Go to the Globe and Mail homepage

Jump to main navigationJump to main content

Linamar Corp. president and chief executive officer Linda Hasenfratz is one of the prominent business people appointed to the committee. (J.P. MOCZULSKI/REUTERS)
Linamar Corp. president and chief executive officer Linda Hasenfratz is one of the prominent business people appointed to the committee. (J.P. MOCZULSKI/REUTERS)

Members named for committee to boost women in boardrooms Add to ...

The federal government has named 23 prominent business people to a new committee that will offer advice on how to get more women on Canada’s corporate boards.

The new committee, which includes 16 women and seven men, will “suggest how industry and government can track and measure progress” on boosting women on corporate boards, Status of Women Minister Rona Ambrose announced Friday.

More Related to this Story

The long-awaited committee was first announced in March, 2012, in the federal budget, but it has taken over a year to organize its membership.

Members include Linamar Corp. chief executive officer Linda Hasenfratz, Atco Ltd. CEO Nancy Southern, OpenText Corp. executive chairman Thomas Jenkins, Rogers Communications Inc. chairman Alan Horn and Suncor Energy Inc. chairman John Ferguson. The group also includes television personality Arlene Dickinson, who appears on The Dragons’ Den .

Canada’s publicly traded companies had 10 per cent female directors in 2011, according to research by women’s advocacy group Catalyst, a number that has barely shifted in recent years and was unchanged from 2009.

Ms. Ambrose said it makes business sense for companies to to improve those statistics. Several research studies have suggested that companies with more women are also more profitable, although researchers say it is not clear if women are the cause of the trend.

“The evidence is clear – having more women on corporate boards is good for business and good for the economy,” Ms. Ambrose said in a statement.

Catalyst Canada executive director Alex Johnston said her organization’s research makes a strong case for increasing women on boards, showing links to better financial outcomes and greater innovation.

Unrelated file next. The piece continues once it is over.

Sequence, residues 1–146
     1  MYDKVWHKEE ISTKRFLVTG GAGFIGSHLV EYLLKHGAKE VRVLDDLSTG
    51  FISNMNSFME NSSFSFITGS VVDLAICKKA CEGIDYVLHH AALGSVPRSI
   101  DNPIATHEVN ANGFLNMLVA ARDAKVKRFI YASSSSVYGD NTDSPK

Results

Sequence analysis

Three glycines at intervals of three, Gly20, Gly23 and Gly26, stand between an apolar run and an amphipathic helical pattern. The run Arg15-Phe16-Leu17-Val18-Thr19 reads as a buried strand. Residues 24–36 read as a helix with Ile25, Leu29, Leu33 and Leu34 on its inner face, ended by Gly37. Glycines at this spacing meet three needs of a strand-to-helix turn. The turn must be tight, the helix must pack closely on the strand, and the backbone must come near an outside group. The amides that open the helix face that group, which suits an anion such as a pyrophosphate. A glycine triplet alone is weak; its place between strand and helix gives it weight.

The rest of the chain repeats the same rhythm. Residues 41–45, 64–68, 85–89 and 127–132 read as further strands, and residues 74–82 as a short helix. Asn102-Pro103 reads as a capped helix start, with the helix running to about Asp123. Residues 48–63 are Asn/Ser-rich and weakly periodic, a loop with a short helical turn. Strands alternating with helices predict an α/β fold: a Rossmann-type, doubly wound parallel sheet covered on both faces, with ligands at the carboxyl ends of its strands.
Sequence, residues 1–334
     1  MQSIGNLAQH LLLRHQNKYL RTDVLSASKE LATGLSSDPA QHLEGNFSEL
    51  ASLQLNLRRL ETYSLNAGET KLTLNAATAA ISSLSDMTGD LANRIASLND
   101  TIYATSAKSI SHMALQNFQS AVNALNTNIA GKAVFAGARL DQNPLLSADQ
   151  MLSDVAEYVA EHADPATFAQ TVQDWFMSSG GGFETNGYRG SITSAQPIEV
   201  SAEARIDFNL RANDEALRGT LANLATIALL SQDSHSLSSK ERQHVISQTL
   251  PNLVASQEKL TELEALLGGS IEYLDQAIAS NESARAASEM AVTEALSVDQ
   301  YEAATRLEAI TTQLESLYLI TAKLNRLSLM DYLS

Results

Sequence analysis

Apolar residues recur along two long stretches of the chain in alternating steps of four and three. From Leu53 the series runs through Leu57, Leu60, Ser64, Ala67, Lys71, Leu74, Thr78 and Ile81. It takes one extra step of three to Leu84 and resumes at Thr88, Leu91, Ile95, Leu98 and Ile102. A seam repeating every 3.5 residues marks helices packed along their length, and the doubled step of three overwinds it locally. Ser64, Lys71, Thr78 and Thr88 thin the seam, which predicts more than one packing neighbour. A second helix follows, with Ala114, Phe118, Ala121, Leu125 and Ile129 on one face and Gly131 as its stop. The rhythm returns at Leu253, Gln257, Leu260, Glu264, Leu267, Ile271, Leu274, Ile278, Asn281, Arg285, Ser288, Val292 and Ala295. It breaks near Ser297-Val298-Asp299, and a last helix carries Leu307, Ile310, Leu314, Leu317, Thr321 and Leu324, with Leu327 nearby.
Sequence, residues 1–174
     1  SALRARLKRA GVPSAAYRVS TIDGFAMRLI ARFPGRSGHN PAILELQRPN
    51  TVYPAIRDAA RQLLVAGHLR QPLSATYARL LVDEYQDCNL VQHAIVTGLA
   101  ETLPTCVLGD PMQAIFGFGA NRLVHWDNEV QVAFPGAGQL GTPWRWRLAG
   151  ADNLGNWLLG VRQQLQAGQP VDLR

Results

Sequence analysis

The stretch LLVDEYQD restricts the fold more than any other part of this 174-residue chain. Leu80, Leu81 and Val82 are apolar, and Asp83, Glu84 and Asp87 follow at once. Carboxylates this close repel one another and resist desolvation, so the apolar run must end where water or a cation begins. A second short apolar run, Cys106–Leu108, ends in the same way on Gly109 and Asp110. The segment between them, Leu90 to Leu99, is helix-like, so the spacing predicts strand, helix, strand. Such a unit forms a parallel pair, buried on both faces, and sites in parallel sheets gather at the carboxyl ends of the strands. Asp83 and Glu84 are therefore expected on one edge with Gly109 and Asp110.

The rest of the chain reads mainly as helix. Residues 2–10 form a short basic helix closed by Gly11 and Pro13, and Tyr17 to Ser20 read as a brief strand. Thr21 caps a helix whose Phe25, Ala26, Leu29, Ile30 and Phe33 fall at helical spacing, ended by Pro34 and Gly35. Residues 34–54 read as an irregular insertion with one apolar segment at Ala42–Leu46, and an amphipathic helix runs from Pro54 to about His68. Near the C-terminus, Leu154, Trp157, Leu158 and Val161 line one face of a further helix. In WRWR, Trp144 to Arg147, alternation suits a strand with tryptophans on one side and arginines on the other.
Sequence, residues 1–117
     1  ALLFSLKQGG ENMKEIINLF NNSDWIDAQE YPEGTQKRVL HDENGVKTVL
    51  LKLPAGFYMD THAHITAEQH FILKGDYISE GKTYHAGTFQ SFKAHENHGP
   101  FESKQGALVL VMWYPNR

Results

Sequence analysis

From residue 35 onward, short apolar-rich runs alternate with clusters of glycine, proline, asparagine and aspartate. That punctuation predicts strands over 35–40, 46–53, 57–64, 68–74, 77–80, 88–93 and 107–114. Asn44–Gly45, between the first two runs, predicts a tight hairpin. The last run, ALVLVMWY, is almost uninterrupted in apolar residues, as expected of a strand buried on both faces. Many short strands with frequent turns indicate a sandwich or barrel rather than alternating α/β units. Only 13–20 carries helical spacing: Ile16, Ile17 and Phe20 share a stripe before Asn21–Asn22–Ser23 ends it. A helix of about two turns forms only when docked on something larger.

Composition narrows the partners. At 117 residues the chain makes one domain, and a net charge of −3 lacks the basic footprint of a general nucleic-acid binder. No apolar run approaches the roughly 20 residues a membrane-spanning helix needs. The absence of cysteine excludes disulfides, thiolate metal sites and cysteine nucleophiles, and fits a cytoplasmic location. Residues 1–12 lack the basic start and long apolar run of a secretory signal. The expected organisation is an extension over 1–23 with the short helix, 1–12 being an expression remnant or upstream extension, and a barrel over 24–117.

“Canada needs to stay competitive in a global economy,” Ms. Johnston said. “Currently we are falling behind as other countries are moving ahead to increase the number of women on boards.”

A report last month by Toronto-Dominion Bank deputy chief economist Beata Caranci concluded that Canada is falling behind other countries in its proportion of women on boards, sliding to ninth globally in 2011 from sixth in 2009 after other countries saw their numbers climb. Ms. Caranci said the trend “is simply an unacceptable outcome on equity grounds” and also “implies a market failure to appreciate the skills and perspectives that women can bring to the table.”

Her report recommends public companies should report on their approach to gender diversity on boards and their statistics on women on boards and at senior executive levels “so that progress can be measured over time.”

At least nine countries around the world, including France and Norway, have introduced some form of quotas requiring companies to add more women to their boards. Many other countries have developed disclosure rules requiring companies to set targets or report on their progress toward greater gender diversity. Britain has asked major companies to set a voluntary target of 25 per cent women on their boards by 2015 and requires them to report on their progress.

Canada has no rules or reporting requirements, and there is no indication the new committee has a mandate to develop such standards. Friday’s release said the committee will provide advice on how business can increase women on boards and will suggest how government can track and measure progress and what tools could be used to do so.

It will also make recommendations by this fall on how the government “could recognize leaders in industry and applaud companies that have succeeded in reaching their goals.”

––––––––––––––––––––––––––

THE COMMITTEE MEMBERS:

Beverley Briscoe, president, Briscoe Management Ltd.

Maureen Kempston Darkes, former group vice-president and president Latin America, Africa and Middle East, General Motors Corp.

Joan Dea, managing director and founder, Beckwith Investments

Arlene Dickinson, CEO, Venture Communications

Janet Ecker, president, Toronto Financial Services Alliance

Dawn Farrell, president and CEO, TransAlta Corp.

John Ferguson, chairman, Suncor Energy Inc.

Sheila Fraser, auditor-general of Canada from 2001 to 2011

Linda Frum, Senate of Canada Anne Giardini, president, Weyerhaeuser Canada Ltd.

Mike Greenley, chair, Canadian Association of Defence and Security Industries

Linda Hasenfratz, CEO, Linamar Corp.

Alan Horn, chairman, Rogers Communications Inc.

Isabelle Hudon, president, Sun Life Financial Quebec Tom Jenkins, executive chairman and chief strategy officer, Open Text Corp.

Andrew MacDougall, managing director for Canada, Spencer Stuart

John Manley, CEO, Canadian Council of Chief Executives

Tracy Redies, president and CEO, Coast Capital Savings Credit Union Susan

Riddell Rose, president and CEO, Perpetual Energy Inc.

Kathy Sendall, director, CGG Veritas

Nancy Southern, CEO, Atco Ltd.

Catherine Swift, board governor, Canadian Federation of Independent Business

Charles Winograd, chairman, TMX Group Ltd.

In the know

Most popular video »

Highlights

More from The Globe and Mail

Most Popular Stories